“Great. Now, what’s really been happening?”

   “Nothing. Honest. Can I get you a hot drink?”

   I tried to turn away but he took me in his arms.

   “Stop right there, please, Yuliya. I’m so sorry,” he stroked my face, then gently brushed the purple bruise marks on my neck. I hoped they wouldn’t spoil things for us. I remembered my dream of our special day, me in a pure white wedding dress.

   It made me realise how bad things had got lately. My friends regularly saw me with a black eye but Branimir hadn’t, not yet. Now his gentle smile made it easy for me to trust him. So why couldn’t I?

    “Don’t worry, I must have done it clowning around with Dragomir,” I lied. “His name means peaceful. I wish! Not at my house."

   “Really? Well you know what Branimir means, don’t you?”

   “No,” I couldn’t help smiling.

   “Branimir means protection! So if ever that’s what you need, I’m your man!”  

   I looked into Branimir’s blue eyes, then shut mine and let him kiss me. He was all I needed and even though I felt a bit wobbly, I kissed him back.

   “You know I can’t let this happen to you,” he said. “but what I can’t understand is why you have to lie about it.”

   “Oh, Branimir, I didn’t mean to lie to you, it’s just that I dream. I dream and then I hope and I pray. That’s how it works with me. Otherwise, some days, I couldn’t carry on.”

   Thoughtfully, he spoke again, “Well when you’re ready, I’ll help you.”

   “Thanks. If only it were that easy. These people hang on once they’ve got you in their sights. The old goat has already threatened he’s going to have me. What’s worse is my dad’s going to let him. It’s all a waste of time.” His face went red but I didn’t want to get Branimir into trouble for helping me, so I went on, “Please, I really don’t want to get you mixed up in this business.”

“Well, it’s too late I am already involved,” he said firmly, “so let me do something.” He wanted to help me but I couldn’t let him. I was bad news and so all we actually did was go round in circles. I pushed him away.

   “I’ve no time for this now, I’ve got to get to school.”

   Branimir shouted me back, but I couldn’t go back. All that he’d said was whirling around my head, especially the, ‘I’m your man,’ part and I just couldn’t say goodbye to him.

Skulking into school, my tutor didn’t see me until that afternoon, when my face looked a bit better. The lessons weren’t the ones I needed like, ‘How to survive,’ and I hardly heard a word the teachers said, I got out as soon as I could.

   Arriving early at the primary school gate for Lala, I was met by more stares from the parents. The boys had raced past us off home and Lala’s hand in mine felt good. “Hi, Yuliya,” she frowned. “Was it your turn last night?”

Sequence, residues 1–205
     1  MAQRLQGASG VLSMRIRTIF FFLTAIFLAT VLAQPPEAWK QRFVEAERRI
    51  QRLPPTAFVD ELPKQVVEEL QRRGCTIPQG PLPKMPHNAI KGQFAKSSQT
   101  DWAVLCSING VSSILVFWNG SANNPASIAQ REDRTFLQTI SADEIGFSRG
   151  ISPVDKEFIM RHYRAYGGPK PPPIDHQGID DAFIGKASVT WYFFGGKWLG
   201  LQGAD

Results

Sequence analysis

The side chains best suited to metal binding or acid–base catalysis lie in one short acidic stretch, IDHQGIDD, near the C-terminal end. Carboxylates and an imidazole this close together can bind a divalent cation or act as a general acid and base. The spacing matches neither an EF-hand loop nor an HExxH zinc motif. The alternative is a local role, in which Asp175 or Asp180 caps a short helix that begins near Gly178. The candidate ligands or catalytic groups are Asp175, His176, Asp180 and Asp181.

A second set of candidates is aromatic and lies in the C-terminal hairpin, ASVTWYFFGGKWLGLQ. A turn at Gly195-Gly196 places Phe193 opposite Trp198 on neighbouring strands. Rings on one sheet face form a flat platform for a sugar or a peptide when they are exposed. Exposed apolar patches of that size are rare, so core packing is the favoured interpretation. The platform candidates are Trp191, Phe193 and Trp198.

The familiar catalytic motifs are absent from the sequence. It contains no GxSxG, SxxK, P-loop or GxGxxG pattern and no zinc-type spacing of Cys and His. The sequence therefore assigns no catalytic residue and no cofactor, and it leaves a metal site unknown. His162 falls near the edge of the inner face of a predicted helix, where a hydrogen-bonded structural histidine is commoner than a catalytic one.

“Well it gave Mum a break!” I joked. “Don’t ever let anyone wallop you, Lala.”  

   “No way! I’ll .…”

   “Shush, we’ll be okay,” I hoped and again, I prayed.

   Usually, by home time the fire was lit but this afternoon there was no sign of   smoke. Carefully, I pushed open the back door. Mum met us, out of breath. She was rushing to get Lala settled.

   She whispered, “You’ve got to get away, Yuliya, the sooner the better. It’s tonight, and it’s all set up. They’re taking you to that Hotel Splendid. A few glamour photos by the pool and then you’re his. You know the one?”

   “ You don’t mean the old goat, with the gold tooth, Mum?” I was almost crying. “ What can I do?” I panicked.

   Mum went on, “It’s to pay off your dad’s debt. That man will trick you with a job offer because that’s what happened to Mrs. Ivanova’s daughter and Maria ended up in a real sorry state. ”

I put my head in my hands. “Darling, don’t worry,” my mum said. “ No way would I ever let that happen to one of mine. You have to get out of his way but you won’t be alone. I’ve asked Branimir for help. He’s here now. His family know the truth and have agreed to take you with them on the road. Our families go back years , they’ll help you and I know we really can trust them. They’re heading over the mountains to freedom today and you’re going with them.” She hugged me tighter.

“Mum, I can’t…”  

   “You’ll have a future, Yuliya, you must take it!” Mum insisted.                                                                  

   “I don’t want to leave you, I love you, Mum,” I said. I couldn’t believe there was hope for me, a way to be safe. I heard the back door go and there was Branimir.

   “Come on, Yuliya,” Branimir said, hurrying me. “There’s an icy fog coming in, which will give us some good cover, so get your things together.”

   “I’ve done that, Yuliya,” my mum said. “Here, take this money it should help. Mum was one step ahead, pushing a roll of notes into my pocket. “It’s what I’ve been saving for your college fund but you need it now. I shall pray for you.”

   I grabbed her hand, “I’ll come back one day Mum, I promise. Keep Dragomir out of trouble and Lala and the boys.” Then I gave her a long hug. “And Dad,” I added.

   Carefully, wrapping her shawl round me my mum said, “I’ll try. Now go!”

The gypsies decorated carriage was in our road, waiting for me to climb on board. So this was my answered prayer. This was the way out that my mum thought was right and I chose this new life. My stomach was doing somersaults and I was so excited.

   Taking Branimir’s hand, I gave thanks for my second chance. For the time being I must not look back.

   Finally, I felt safe.



Fiona Linday © 2008